Implementing innovative ecological approaches to land management

Students from the University of Sydney tour farms in our region to study regenerative agriculture practices

Long before the term ‘Regen Ag’ was coined, many farmers in our region have been implementing innovative, ecological approaches to land management and are now promoting and encouraging the adoption of regenerative landscape management practices to help build healthy, productive and profitable landscapes which are more resilient to the impacts of a changing climate to the next generation of farmers and land managers.

As part of a first year field trip, 55 Agricultural Science and Food and Agribussiness students and 4 staff toured various farming enterprises in the Central West last week. The last day of their expedition brought them to our district to visit properties practising regenerative agriculture.

The first stop was a visit to a 1200 acre grazing property in Goolma producing superfine merino wool. The owners have been trialling and implementing various regenerative agriculture techniques since the mid 90s and the students heard about their focus on managing native pasture, selecting genetics for a more resilient flock, encouraging animals to utilise a diversity of feed and using the livestock as a land management tool. Native biodiversity is also actively managed on the property and a watercourse and wetland have been fenced off for this purpose.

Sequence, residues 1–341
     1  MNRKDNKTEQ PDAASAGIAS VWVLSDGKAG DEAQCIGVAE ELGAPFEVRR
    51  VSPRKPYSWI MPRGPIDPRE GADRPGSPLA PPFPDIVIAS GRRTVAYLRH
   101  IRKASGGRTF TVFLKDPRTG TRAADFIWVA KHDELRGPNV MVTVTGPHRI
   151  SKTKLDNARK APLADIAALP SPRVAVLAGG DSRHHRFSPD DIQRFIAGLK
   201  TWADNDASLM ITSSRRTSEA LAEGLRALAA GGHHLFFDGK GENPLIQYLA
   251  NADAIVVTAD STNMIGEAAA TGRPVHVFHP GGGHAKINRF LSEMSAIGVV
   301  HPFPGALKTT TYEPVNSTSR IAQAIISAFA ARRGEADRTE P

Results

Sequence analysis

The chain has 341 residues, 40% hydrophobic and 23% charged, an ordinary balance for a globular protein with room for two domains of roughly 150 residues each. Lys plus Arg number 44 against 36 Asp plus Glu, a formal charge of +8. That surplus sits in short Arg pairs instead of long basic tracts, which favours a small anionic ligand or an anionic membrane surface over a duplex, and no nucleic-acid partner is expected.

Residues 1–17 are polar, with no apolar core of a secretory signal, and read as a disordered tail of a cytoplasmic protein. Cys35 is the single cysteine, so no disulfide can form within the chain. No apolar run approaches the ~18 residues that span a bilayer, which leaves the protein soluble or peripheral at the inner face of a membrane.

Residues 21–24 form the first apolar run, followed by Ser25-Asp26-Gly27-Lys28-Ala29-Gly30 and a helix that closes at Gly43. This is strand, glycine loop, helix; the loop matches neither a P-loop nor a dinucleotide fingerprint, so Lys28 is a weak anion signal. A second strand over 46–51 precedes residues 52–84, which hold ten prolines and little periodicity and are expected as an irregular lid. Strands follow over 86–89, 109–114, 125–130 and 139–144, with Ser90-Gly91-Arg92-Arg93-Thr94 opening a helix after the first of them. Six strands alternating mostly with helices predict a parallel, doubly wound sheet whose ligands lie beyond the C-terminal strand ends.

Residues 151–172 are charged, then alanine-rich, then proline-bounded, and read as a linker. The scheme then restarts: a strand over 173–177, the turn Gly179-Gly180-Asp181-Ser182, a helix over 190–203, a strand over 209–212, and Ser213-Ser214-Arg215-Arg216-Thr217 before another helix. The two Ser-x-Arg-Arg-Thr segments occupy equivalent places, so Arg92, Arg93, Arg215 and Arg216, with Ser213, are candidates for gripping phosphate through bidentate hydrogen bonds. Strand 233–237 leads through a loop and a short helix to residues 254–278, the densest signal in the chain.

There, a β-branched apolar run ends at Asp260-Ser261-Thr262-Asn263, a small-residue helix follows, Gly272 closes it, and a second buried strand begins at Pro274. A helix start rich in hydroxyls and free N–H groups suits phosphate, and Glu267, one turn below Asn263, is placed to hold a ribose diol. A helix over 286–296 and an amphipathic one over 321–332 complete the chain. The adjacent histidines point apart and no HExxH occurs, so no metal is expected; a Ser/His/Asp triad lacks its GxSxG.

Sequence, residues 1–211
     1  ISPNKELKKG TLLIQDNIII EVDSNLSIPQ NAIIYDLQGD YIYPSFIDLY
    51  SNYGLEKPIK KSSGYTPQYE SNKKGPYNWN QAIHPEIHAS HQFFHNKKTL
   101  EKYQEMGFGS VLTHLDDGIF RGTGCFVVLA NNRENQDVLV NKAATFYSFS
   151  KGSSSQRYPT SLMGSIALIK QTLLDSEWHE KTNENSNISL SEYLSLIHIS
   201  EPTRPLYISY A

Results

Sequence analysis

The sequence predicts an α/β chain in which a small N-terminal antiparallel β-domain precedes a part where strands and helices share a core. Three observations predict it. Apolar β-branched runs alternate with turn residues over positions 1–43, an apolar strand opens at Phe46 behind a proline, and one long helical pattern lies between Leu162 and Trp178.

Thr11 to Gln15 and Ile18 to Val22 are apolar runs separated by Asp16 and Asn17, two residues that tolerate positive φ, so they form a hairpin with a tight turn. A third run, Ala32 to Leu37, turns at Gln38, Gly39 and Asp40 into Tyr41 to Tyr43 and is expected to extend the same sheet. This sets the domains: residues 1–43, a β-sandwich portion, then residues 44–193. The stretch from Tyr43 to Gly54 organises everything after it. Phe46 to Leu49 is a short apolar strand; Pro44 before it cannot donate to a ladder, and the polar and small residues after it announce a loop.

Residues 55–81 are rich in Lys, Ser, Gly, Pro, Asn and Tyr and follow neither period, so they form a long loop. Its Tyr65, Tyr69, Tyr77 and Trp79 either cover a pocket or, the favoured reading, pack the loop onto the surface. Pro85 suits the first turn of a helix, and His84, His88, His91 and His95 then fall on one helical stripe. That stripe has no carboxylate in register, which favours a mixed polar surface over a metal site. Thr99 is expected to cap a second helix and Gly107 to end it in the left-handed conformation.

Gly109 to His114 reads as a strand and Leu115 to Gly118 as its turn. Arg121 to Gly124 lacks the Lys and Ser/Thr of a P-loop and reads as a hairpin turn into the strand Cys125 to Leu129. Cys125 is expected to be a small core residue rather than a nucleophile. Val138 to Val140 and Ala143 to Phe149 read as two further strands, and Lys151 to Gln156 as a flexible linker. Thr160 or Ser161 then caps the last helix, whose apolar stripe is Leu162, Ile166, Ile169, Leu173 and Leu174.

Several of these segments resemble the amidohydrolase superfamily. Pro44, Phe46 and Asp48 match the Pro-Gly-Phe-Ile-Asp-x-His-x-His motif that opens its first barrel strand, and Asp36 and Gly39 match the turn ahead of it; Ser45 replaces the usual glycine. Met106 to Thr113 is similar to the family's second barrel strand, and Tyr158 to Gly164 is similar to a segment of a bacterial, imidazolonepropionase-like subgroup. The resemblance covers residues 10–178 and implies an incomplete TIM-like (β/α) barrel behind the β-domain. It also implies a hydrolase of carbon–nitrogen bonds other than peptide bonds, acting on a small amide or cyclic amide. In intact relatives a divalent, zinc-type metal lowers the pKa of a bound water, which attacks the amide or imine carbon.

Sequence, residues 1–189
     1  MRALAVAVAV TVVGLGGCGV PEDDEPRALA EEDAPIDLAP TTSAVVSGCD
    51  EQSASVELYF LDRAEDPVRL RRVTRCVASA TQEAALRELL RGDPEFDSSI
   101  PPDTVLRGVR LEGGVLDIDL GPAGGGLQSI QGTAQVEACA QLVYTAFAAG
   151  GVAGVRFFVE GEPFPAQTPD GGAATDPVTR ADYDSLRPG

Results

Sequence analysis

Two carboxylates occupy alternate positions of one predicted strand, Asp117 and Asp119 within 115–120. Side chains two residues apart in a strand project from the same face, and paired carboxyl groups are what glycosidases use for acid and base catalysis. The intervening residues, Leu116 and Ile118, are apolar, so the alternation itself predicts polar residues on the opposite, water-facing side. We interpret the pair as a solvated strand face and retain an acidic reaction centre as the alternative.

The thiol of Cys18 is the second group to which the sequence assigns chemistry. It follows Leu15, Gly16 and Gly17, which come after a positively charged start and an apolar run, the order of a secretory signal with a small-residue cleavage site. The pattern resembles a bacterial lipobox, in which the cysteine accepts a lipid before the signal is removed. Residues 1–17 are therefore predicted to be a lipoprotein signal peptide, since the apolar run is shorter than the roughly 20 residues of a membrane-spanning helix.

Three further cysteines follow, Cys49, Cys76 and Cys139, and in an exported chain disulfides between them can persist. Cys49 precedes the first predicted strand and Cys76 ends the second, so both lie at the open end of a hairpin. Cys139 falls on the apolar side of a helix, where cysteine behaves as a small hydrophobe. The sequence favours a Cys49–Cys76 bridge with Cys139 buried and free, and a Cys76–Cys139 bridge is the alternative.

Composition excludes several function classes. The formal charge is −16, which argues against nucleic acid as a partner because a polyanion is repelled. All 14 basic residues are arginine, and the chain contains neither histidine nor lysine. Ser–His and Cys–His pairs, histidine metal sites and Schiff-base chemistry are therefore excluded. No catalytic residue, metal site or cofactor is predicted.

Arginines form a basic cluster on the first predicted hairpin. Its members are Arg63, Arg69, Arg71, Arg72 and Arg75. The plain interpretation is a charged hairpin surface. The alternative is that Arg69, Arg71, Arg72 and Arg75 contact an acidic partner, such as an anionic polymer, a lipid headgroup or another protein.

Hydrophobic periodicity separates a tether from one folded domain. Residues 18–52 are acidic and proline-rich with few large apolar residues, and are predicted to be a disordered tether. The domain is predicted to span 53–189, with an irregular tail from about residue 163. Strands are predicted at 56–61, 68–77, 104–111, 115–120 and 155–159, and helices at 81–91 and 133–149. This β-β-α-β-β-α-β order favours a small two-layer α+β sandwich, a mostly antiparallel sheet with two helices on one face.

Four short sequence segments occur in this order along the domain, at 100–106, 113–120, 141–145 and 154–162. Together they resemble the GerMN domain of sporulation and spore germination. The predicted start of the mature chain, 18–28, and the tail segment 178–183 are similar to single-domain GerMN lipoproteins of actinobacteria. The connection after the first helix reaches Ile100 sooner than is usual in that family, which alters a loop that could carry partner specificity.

Next the students travelled to Gulgong to explore pasture cropping and enterprise stacking.

Colin Seis developed the method of ‘Pasture Cropping’ in the 1990’s, a no-till practice of sowing annual crops into dormant perennial grass, and since that time has been perfecting the practice on his Gulgong property, ‘Winona’. ‘Pasture Cropping’, combined with planned grazing of livestock enables multiple productive uses from a single paddock, with minimal use of herbicides or other inputs.

‘Pasture Cropping’ has also produced significant improvements in soil health. Studies conducted by Sydney University and CSIRO/Department of Primary Industries showed increases of 204% in organic carbon and 200% in the water holding capacity of ‘Winonas’ soils, over a 10 year period. Soil nutrients and trace elements have increased by an average of 172%.

The benefits of improving landscape function and increasing production results have been internationally recognised. ‘Pasture Cropping’ has been adopted in the United States, South Africa and Norway as well as over 2,500 farms across Australia. Colin Seis has been recognised as a leading performer of regenerative landscape management practices and now spends much of his time travelling all over Australia and overseas training other farmers to implement the technique.

A successful, profitable farm is about more than just land management, and relies on having a robust business structure. One strategy is not ‘putting all your eggs in the one basket’. Colin Seis has built resilience into his farm by diversifying interests. ‘Winona’, traditionally a fine wool property, now also produces fat lambs, grain and native grass seed (it’s most profitable venture). Colin is also a renowned dog trainer and breeder, and dogs from his Kelpie stud are much sought after.